Long-Term Stress Could Make You Fat

Posted: Feb 23 2017, 9:57am CST | by , in News | Latest Science News

 

Long-Term Stress Could Make You Fat
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  • Stress may cause Obesity over the Long Haul
 

A study shows that stress may cause, among other things, obesity over the long haul.

Is it possible that chronic long-term stress may be making you pile on the extra pounds?

Researchers give an affirmative answer to this query. The stress status and weight in pounds of 2500 males and females above the age of 54 were observed by the experts and they came up with a few surprising results.

The gist of the study which was published in the journal Obesity showed that a stress hormone known as cortisol caused a deposition of fat. This hormone was found in the hair of the obese subjects.  

The levels of cortisol in curls of hair showed the subjects to have larger waist girth and a high body mass index. Thus we see that chronic stress is connected intimately to weight gain.

Cortisol is normally produced by the adrenal glands. It is pumped into the blood when the person feels the least amount of stress or tension.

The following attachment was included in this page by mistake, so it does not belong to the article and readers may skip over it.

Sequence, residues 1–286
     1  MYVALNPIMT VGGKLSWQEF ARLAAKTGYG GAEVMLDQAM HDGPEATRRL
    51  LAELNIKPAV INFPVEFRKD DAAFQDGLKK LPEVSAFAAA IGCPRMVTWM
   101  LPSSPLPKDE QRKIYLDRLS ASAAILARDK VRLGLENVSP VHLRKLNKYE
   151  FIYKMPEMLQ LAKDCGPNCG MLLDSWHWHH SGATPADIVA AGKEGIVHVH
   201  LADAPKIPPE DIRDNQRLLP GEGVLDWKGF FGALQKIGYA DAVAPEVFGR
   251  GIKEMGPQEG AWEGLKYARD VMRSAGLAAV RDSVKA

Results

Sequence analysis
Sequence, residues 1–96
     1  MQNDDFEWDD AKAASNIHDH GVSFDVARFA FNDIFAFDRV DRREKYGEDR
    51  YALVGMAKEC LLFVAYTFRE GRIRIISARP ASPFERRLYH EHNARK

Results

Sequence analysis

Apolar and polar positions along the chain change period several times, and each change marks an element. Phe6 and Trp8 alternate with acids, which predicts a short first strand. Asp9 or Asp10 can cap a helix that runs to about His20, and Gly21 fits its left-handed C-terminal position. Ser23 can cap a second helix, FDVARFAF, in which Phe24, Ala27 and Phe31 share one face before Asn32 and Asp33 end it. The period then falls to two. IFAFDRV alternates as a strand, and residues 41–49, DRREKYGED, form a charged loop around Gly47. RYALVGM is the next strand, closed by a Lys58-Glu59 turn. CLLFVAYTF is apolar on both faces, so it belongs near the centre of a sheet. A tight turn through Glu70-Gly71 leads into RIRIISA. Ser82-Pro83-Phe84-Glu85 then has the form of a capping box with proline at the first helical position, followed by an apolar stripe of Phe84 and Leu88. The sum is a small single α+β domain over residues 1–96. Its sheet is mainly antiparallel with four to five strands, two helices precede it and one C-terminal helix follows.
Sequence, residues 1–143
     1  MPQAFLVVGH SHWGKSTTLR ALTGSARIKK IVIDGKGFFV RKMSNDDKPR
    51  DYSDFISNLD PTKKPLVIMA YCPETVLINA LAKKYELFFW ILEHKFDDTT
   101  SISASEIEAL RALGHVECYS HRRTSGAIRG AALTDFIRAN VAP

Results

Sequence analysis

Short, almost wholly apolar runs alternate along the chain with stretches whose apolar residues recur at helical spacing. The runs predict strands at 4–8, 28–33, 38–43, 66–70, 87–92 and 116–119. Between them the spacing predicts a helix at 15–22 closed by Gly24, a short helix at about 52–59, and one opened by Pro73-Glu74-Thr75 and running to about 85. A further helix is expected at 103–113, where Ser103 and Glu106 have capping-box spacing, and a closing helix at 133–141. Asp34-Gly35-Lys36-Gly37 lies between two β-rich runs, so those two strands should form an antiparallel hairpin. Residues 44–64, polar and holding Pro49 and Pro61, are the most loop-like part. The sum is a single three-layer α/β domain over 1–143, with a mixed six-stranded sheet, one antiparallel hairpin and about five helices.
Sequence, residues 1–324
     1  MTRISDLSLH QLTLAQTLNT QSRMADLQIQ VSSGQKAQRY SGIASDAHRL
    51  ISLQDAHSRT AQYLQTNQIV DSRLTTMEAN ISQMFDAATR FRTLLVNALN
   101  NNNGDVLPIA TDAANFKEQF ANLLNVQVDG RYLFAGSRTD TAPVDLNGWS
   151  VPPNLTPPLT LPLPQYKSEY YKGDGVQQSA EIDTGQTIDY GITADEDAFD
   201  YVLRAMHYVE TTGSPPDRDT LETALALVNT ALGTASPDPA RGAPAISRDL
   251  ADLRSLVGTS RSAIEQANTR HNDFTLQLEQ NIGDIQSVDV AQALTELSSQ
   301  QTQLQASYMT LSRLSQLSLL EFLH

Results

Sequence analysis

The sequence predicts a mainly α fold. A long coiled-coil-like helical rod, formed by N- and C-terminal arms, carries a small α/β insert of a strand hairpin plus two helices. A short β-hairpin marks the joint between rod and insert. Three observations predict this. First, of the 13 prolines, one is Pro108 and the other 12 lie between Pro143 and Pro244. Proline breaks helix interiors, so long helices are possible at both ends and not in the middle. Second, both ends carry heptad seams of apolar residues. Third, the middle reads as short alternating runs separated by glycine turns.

Besides stopping inflammation and controlling blood pressure, cortisol stabilizes blood sugar and adrenalizes the body to handle any tough emergency situation. 

Thus glucose is provided to the human brain which thrives on this source of energy. Besides this, the metabolic rate, body fat/muscle ratio and lipogenesis also come into play upon the release of cortisol into the bloodstream.

Cortisol is normally released due to signals from receptors imbedded inside visceral fat. This is the fat that surrounds the internal organs of the body and thus it is deeply connected to weight gain and lipolysis.

While cortisol is ordinarily tested through the blood, saliva or urine samples, this is a rather limited means of gauging its presence in the body. 

Cortisol levels are caused by many factors. Your meal contents, their timings, points of high tension and nervousness and even maladies cause cortisol to skyrocket.

The levels of cortisol could also be judged via its presence in hair strands. These strands were used in the experiment. While stress did most probably cause obesity, the cause and effect conundrum remained an unanswered dilemma.

Causation after all does not mean correlation. Exposure to stress does have a wearying effect in the long run though. Even being obese may cause stress levels to soar due to the stigma attached to this condition.

The best defense against the stress and obesity relation, which seems to be a chicken-and-egg phenomenon, is to engage in other means of stress relief besides overeating.

The best strategies include mindfulness, meditation and yoga. Food ought not to be relied upon as an antidote to negative feelings.

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<a href="/latest_stories/all/all/20" rel="author">Sumayah Aamir</a>
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